Ford to cut 1,700 jobs with Welsh plant closure

‘Brexit not to blame,’ says car-making giant.

Ford plant - Bridgend
The Ford Bridgend Engine plant in South Wales is to close next year [Geoff Caddick/AFP]

Workers have spoken of their devastation after car-making giant Ford Motor Company announced the closure of a plant in South Wales, at a cost of 1,700 jobs.

The staff set to lose their jobs will be given “enhanced” redundancy, or severance pay, and assistance in finding new jobs, promised Ford’s European president.

But unions have attacked the decision, and workers, who said they had expected the engine-building factory to be shut, were surprised at how quickly the decision was reached.

“It’s devastating. Everyone’s got mortgages to pay and families to support,” 48-year-old Len Jones, who has worked at the plant for seven and a half years, told the Press Association.

“I expected a little more time to get things sorted. When we found out, everyone was just silent. They gave us letters and we just all went home.”

Another worker, who only gave the Press Association his first name, Stephen, said: “When they came out with the statement, you just don’t take it in do you. But, such is life.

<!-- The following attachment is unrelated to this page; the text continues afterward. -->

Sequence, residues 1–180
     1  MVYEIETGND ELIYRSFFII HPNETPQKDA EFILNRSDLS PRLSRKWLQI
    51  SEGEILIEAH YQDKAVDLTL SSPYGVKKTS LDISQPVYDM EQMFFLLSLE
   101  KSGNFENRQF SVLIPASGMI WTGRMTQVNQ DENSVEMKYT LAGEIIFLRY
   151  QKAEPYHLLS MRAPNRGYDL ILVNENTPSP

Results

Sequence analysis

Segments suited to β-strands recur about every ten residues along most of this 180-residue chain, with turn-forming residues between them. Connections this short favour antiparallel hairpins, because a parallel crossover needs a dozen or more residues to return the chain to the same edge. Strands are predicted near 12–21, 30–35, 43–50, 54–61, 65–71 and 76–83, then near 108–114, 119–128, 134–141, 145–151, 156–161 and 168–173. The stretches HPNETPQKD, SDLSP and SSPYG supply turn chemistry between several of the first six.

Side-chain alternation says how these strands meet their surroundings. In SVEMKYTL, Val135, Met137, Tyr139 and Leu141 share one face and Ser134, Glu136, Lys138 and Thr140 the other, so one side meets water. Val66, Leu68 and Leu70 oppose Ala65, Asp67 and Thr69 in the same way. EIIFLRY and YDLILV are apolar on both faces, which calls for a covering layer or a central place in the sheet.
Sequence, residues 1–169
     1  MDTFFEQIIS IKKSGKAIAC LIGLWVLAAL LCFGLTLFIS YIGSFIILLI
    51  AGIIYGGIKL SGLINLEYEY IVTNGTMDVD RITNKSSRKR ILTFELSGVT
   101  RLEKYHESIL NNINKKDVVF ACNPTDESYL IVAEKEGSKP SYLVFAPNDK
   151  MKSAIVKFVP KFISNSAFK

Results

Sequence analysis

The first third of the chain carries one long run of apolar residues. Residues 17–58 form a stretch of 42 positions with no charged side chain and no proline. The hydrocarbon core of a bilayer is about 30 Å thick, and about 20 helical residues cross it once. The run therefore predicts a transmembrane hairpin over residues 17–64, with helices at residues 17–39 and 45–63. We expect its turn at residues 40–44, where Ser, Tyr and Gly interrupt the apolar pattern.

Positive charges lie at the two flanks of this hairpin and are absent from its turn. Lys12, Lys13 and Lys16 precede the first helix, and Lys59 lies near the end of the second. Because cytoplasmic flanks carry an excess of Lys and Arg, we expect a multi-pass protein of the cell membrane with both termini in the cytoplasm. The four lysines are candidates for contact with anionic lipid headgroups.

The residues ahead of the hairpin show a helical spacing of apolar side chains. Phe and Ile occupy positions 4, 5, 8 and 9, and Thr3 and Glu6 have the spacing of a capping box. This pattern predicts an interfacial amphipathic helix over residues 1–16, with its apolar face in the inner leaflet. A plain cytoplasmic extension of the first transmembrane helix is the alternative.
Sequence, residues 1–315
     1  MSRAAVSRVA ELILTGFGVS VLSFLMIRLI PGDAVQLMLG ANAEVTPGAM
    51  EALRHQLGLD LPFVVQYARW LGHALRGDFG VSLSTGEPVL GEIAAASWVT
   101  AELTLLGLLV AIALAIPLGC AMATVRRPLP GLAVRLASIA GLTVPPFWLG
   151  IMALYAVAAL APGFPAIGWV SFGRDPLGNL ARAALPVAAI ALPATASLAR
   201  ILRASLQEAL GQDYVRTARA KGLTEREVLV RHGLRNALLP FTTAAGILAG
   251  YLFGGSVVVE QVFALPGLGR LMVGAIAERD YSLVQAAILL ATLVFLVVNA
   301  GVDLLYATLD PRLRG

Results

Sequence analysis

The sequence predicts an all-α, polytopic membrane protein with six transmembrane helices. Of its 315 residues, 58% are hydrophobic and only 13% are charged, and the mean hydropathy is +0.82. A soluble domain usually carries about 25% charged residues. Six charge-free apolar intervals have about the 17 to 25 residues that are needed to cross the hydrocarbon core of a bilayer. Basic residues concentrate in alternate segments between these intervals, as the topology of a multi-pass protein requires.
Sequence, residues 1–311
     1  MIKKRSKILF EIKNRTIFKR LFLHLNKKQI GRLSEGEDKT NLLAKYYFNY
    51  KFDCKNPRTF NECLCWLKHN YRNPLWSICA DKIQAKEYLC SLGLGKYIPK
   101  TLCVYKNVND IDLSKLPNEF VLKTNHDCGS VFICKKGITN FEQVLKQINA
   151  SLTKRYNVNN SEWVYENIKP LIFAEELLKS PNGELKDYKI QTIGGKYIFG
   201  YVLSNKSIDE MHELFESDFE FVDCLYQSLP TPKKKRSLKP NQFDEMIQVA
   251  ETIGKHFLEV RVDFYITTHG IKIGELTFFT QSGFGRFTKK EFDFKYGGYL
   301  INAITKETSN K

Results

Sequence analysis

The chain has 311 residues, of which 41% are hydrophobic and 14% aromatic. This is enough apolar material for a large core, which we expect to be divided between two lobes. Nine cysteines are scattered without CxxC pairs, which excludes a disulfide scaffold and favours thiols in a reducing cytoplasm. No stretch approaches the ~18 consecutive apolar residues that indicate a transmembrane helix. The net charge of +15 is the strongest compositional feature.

“The writing has been on the wall for a long time. We knew when the Sigma engine finished there was no replacement. We knew when the AJ engine finished there was no replacement. The predicted volumes for [the] new Dragon engine were 250,000, then 125,000, then the last thing we had was for 70,000.”

Second-time job losses

Some of the soon-to-be-laid-off workers had already been redeployed from Southampton, where the company’s Ford Transit plant shut in 2013.

Claire Shortland, 47, a supervisor who had worked for the company for 27 years, said: “I was at Southampton when they shut there, and it’s a bit of a ‘p*ss off’ that we found out from the press.

“We expected it, but not as soon as this. I just don’t know what I’m going to do now. I sort of packed everything up and came here from Southampton when we stopped making Transit – and now this.”

Adam Price, leader of the political party Plaid Cymru, called it an act of “industrial vandalism”.

“Bridgend’s Ford plant is a hallmark of our Welsh industrial landscape with a skilled and loyal workforce,” he tweeted on Thursday. “Closing the plant is an act of industrial vandalism and will have a devastating impact on Bridgend, [the] wider Welsh economy and 1,700 workers and their families.”

Ford blamed the end of a contract to supply engines to Jaguar Land Rover and a fall in sales of petrol engines amid huge changes in the car industry. The company stressed that the decision was not related to Brexit.

The 40-year-old plant in South Wales will close in September 2020, affecting jobs in companies supplying goods and services, in another huge blow to the motor industry in the United Kingdom following news that Honda is to shut its factory in Swindon, while other firms are also cutting back.

Unions pledged to resist the closure “with all their might”.

Workers ‘great’